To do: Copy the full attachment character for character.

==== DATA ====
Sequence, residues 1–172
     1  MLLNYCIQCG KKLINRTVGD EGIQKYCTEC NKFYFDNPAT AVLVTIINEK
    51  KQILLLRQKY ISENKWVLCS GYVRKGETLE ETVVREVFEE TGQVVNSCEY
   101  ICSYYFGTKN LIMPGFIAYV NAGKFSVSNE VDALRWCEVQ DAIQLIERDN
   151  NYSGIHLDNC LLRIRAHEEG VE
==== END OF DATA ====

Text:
Sequence, residues 1–172
     1  MLLNYCIQCG KKLINRTVGD EGIQKYCTEC NKFYFDNPAT AVLVTIINEK
    51  KQILLLRQKY ISENKWVLCS GYVRKGETLE ETVVREVFEE TGQVVNSCEY
   101  ICSYYFGTKN LIMPGFIAYV NAGKFSVSNE VDALRWCEVQ DAIQLIERDN
   151  NYSGIHLDNC LLRIRAHEEG VE